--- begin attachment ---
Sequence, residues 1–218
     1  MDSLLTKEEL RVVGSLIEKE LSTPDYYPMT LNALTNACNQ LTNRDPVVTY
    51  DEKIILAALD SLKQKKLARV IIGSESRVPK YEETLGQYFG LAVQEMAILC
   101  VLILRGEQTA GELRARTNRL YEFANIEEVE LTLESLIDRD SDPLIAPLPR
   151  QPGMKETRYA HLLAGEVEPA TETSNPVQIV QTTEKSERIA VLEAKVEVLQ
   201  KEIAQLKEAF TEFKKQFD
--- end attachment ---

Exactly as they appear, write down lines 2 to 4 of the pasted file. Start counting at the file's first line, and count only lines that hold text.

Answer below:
     1  MDSLLTKEEL RVVGSLIEKE LSTPDYYPMT LNALTNACNQ LTNRDPVVTY
    51  DEKIILAALD SLKQKKLARV IIGSESRVPK YEETLGQYFG LAVQEMAILC
   101  VLILRGEQTA GELRARTNRL YEFANIEEVE LTLESLIDRD SDPLIAPLPR